In the early 1990s, Harvard ‘s Diana Eck, professor of Comparative Religion and Indian Studies, together with her students, began to study and document the changing religious landscape of the United States. The inspiration for this groundbreaking work, and the first researchers, were Harvard students.

“When I first met these new students — Muslims from Providence, Hindus from Baltimore, Sikhs from Chicago, Jains from New Jersey — they signaled to me the emergence in America of a new cultural and religious reality about which I knew next to nothing,” writes Diana Eck in her 2001 book “A New Religious America.” “At that point I had not been to an American mosque. I had never visited a Sikh community in my own country, and I could imagine a Hindu summer camp only by analogy with my Methodist camp experience. I felt the very ground under my feet as a teacher and scholar begin to shift. My researcher’s eye began to refocus — from Banaras to Detroit, from Delhi to Boston.”

Soon, Eck developed the Pluralism Project and expanded the study of religious diversity and interfaith engagement across the United States. Twenty-five years later, the Pluralism Project at Harvard University has helped to shape the field of interfaith studies through research, case studies, and educational resources. At the foundation of this work is Diana Eck’s definition of “pluralism”:

  •             Pluralism is not diversity alone, but the energetic engagement with diversity.
  •             Pluralism is not just tolerance, but the active seeking of understanding across lines of difference.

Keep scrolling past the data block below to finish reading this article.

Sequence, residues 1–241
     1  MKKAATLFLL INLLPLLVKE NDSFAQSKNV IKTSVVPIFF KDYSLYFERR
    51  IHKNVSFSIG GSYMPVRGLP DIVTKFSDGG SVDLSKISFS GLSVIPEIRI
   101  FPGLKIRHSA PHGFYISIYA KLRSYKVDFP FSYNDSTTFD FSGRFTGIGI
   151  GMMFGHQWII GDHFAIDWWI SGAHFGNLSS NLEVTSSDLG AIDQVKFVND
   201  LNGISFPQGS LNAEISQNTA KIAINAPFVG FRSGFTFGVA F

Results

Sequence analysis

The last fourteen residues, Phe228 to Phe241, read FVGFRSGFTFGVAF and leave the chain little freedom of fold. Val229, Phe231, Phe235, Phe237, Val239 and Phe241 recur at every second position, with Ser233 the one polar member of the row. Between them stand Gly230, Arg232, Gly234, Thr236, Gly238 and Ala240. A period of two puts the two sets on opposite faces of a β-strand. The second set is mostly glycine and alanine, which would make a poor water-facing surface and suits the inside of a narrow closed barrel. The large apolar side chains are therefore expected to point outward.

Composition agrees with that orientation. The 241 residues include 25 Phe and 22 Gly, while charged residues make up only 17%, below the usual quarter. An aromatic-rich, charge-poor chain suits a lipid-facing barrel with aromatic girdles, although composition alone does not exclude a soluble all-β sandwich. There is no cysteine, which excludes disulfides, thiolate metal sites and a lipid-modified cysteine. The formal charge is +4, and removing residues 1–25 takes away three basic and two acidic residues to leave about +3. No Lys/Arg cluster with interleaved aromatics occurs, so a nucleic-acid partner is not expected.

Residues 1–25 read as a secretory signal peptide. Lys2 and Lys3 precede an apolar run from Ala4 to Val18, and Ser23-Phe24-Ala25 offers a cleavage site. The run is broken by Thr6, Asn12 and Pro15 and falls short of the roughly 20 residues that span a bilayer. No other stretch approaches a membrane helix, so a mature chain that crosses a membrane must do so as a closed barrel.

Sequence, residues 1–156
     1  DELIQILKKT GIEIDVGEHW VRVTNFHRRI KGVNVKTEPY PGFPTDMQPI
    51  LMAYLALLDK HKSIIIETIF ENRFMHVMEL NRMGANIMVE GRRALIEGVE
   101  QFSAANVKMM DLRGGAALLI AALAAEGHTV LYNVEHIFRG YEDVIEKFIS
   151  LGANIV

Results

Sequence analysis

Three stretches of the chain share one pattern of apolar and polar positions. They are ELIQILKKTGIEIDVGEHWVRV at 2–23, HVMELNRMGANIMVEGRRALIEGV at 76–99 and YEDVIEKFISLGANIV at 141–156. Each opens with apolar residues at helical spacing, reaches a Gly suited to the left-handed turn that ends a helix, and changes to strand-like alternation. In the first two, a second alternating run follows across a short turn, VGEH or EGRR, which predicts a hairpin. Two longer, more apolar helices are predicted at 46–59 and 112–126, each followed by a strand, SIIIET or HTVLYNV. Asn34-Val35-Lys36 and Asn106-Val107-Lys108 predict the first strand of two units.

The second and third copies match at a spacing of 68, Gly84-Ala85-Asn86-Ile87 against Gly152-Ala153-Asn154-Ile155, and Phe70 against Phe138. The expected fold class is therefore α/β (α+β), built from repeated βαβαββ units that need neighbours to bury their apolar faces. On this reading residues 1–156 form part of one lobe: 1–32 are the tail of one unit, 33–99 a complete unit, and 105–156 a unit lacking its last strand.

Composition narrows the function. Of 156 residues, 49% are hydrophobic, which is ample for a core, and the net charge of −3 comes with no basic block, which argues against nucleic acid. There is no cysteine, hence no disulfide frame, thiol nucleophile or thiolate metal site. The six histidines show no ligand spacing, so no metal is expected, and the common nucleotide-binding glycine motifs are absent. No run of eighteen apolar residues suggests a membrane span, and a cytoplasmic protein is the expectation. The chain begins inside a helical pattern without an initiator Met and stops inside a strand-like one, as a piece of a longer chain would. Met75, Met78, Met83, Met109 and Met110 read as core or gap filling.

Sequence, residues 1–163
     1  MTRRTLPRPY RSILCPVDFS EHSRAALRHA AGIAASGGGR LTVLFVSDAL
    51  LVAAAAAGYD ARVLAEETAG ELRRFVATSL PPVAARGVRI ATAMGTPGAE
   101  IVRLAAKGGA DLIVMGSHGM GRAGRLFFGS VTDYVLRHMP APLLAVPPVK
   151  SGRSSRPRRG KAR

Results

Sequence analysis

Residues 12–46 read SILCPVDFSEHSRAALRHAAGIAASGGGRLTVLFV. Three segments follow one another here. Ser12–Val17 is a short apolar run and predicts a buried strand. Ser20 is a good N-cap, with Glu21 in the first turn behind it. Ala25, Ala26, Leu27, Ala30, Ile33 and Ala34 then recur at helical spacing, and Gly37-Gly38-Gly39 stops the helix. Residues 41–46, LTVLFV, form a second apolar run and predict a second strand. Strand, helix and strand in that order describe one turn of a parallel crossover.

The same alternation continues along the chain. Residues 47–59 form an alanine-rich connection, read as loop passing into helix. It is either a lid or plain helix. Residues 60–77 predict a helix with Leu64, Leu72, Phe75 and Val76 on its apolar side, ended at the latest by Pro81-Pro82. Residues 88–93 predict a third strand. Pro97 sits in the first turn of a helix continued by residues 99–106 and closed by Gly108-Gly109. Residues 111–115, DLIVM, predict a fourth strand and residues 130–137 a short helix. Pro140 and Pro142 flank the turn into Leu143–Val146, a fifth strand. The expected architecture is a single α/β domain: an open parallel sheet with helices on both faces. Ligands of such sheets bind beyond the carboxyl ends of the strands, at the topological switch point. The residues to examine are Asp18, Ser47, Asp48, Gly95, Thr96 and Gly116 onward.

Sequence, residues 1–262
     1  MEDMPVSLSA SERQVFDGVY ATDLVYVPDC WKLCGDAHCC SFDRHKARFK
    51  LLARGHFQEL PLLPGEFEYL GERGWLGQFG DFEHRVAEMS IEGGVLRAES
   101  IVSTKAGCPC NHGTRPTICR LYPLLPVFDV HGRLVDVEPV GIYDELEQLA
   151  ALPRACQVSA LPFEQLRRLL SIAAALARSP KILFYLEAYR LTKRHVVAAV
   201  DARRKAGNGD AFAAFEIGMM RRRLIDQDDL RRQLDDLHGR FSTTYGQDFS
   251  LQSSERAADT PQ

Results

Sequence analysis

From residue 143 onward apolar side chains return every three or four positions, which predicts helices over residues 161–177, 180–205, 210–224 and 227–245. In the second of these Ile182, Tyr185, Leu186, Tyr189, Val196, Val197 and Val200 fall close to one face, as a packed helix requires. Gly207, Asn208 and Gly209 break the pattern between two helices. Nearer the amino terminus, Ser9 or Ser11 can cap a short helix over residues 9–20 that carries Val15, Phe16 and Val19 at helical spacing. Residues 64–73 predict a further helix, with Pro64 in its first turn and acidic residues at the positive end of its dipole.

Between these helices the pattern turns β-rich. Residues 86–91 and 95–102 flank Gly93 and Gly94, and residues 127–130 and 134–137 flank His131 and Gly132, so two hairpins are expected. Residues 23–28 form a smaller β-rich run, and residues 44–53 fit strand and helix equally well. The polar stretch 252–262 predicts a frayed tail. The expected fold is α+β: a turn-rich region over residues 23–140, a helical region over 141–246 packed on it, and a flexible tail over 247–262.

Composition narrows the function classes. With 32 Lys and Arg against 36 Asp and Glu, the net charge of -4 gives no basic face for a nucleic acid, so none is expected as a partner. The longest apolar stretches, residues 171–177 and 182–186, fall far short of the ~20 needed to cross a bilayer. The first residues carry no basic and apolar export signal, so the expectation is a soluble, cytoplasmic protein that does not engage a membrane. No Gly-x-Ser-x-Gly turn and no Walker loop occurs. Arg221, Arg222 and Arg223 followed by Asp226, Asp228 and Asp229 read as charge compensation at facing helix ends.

•             Pluralism is not relativism, but the encounter of commitments.
  •             Pluralism is based on dialogue. The language of pluralism is that of dialogue and encounter, give and take, criticism and self-criticism. Dialogue means both speaking and listening; it reveals both common understandings and real differences.

The Pluralism Project is marking its 25th anniversary with an interdisciplinary conference, “Diversity and Inclusion in the American Crucible.” This conference, taking place Sept. 21–23 at Harvard University, includes a series of panels and presentations about religious diversity and interfaith engagement today, as well as the photography exhibit “Harvard: From Diversity to Pluralism.” These images, taken by the talented photographers of the Harvard Gazette, offer a glimpse of religious life on campus. Together, the images represent the inspiration for the Pluralism Project, the vitality of our diverse campus, and an example of an emerging pluralism in America today.

“What has happened here has also happened at colleges and universities throughout the country,” writes Eck. “Our campuses have become the laboratories of a new multicultural and multireligious America. The interreligious issues we face here are not just Harvard’s issues or America’s issues. They have become our own distinctive recasting of the world’s issues… Will all of these differences of race, culture, ethnicity and religion fracture our communities, or will they lead us toward the common purpose of an informed, energetic, and even joyous pluralism?”

For more information about the Pluralism Project and the conference “Pluralism Project @25: From Diversity to Pluralism,” please see: www.pluralism.org.

Full schedule